Notoane warns his Santos forwards to find the net, or else they’ll be spectators
VASCO DA GAMA take on African Warriors in a National First Division clash at Parow Park today, seeking an unprecedented fourth straight win in the league.
The Cape side should get the job done as the side they face has slipped from being a title contender to also-rans. Warriors at one stage were at the top end of the 16-team standings, but have since dropped into the bottom five. Vasco, who could manage only one win in their opening five games, are now on an upward curve after three wins in nine days.
Vasco’s coach Keenin Lesch will be reminding his players to remain focused on the game ahead and not on past deeds.
“We must be humble with what we’ve managed to achieve over the past couple of weeks and not be cock-a-hoop. We just have to go back in time to what happened to us when we hosted Black Leopards. On that day on our home patch we came into the game maybe a little bit too relaxed because the side we were about to take on hadn’t won a game. We paid the price: we got beat up pretty badly 4-1,” said Lesch.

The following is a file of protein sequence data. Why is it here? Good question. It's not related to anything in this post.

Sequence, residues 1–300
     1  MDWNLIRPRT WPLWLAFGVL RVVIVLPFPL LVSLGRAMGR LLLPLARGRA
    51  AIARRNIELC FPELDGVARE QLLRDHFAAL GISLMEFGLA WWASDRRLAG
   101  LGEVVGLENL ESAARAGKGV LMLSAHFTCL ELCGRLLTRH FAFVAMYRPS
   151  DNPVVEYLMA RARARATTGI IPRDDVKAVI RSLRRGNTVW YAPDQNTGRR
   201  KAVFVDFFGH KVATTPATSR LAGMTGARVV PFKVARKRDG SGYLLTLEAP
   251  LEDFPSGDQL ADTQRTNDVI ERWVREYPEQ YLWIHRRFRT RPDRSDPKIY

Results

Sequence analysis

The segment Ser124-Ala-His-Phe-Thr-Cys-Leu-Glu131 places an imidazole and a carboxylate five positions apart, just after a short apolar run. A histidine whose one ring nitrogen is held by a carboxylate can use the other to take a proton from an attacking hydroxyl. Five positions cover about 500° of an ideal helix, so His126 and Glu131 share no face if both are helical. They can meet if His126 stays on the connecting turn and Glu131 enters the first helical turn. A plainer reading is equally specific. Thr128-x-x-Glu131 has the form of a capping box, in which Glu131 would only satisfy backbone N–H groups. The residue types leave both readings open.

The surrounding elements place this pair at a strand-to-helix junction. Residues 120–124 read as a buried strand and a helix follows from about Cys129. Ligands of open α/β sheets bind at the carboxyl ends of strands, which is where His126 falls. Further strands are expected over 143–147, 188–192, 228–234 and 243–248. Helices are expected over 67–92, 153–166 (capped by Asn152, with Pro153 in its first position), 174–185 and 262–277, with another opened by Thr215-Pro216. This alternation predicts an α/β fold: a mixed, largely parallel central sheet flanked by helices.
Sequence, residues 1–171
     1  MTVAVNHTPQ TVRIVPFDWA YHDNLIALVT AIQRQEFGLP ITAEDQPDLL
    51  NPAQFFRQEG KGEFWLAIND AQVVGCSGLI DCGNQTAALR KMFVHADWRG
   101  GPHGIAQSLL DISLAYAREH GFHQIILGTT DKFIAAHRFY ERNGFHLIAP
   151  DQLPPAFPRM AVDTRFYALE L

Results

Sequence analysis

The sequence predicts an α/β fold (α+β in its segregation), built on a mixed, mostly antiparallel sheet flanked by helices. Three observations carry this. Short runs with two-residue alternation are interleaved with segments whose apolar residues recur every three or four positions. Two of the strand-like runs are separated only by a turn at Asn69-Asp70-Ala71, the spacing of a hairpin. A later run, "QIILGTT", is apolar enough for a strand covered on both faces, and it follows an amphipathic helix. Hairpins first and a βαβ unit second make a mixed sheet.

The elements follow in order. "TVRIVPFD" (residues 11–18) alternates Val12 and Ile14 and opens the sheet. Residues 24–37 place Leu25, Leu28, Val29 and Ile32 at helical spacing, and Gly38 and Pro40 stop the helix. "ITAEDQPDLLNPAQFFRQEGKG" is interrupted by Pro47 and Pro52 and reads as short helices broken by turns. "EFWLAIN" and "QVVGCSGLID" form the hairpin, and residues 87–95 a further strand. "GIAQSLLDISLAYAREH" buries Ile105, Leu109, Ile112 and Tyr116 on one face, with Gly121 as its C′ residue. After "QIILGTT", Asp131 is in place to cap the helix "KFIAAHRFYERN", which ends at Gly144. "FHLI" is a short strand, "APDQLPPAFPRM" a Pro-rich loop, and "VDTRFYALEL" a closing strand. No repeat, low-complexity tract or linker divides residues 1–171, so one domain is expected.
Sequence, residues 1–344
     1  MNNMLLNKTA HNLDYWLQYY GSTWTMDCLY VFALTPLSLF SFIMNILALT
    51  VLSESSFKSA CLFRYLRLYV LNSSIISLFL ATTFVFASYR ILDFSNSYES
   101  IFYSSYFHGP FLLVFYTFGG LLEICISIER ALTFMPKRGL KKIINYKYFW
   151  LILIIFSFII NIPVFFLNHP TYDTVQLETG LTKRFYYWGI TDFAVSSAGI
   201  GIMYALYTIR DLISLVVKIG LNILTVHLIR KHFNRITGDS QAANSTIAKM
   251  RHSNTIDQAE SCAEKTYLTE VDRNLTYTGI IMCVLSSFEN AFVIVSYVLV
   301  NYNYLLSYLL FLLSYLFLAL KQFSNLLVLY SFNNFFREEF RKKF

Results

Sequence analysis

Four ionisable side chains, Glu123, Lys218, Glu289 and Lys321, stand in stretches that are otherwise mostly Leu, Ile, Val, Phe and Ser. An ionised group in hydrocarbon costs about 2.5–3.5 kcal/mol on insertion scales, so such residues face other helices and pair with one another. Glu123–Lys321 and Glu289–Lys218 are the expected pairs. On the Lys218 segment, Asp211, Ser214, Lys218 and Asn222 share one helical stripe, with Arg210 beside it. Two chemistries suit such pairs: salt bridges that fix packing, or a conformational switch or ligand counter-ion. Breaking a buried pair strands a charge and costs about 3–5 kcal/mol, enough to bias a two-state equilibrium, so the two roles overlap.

“Fortunately, since then, the boys have met their obligations and reaped the rewards. They were under pressure to do so and they obliged by playing good, solid football.”
In other NFD matches involving Cape teams today, top-placed Milano are away to seventh-placed Black Leopards at the Old Peter Mokaba Stadium, while third-placed Santos welcome fifth-placed Witbank Spurs to the Athlone Stadium. Tomorrow sees thirdbottom FC Cape up against 12th placed hosts and league newcomers Maluti FET College at the Charles Mopeli Stadium.
For Milano there is the chance to possibly extend their five-point lead over their nearest threats, Chippa and Santos who are in second and third place, respectively.
No doubt Milano, who have won more games than any other side in the top two leagues in the country, will want to stay on track to win the league title and secure automatic promotion to the PSL.
Meanwhile, Santos coach David Notoane has urged his strike-force to show more composure in front of goal, after a lean run for the men tasked with scoring.
“Professionalism springs to mind,” he said in reference to his sharpshooters’ lacklustre efforts in the score zone.
“I’ve had just about enough of seeing our side squander chance after chance. The men charged with putting the ball into the back of the net had better start finding the their mark before they become my target. One can only give a player so many chances before fielding them as spectators.”